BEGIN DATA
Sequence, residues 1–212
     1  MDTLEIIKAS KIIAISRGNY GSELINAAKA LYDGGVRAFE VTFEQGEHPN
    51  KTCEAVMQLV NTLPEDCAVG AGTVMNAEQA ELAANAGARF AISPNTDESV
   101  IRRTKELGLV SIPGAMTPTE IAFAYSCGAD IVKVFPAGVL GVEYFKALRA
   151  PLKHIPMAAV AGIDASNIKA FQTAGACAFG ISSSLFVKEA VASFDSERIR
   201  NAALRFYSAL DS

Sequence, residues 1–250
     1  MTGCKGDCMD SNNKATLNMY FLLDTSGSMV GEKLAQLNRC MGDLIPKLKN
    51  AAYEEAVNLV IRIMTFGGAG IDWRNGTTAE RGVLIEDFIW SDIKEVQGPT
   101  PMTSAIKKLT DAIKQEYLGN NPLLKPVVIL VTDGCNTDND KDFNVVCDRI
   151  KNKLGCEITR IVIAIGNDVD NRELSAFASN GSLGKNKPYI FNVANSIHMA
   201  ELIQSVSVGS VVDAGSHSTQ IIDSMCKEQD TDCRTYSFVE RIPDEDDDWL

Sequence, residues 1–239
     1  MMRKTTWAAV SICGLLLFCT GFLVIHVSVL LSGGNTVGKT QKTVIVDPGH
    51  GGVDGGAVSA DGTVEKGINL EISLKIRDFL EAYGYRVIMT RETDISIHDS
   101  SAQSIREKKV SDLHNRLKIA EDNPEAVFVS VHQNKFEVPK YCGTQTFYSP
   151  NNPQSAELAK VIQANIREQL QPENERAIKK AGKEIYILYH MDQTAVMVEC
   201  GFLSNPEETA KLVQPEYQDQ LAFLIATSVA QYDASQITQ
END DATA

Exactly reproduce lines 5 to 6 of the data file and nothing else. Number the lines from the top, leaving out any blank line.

   151  PLKHIPMAAV AGIDASNIKA FQTAGACAFG ISSSLFVKEA VASFDSERIR
   201  NAALRFYSAL DS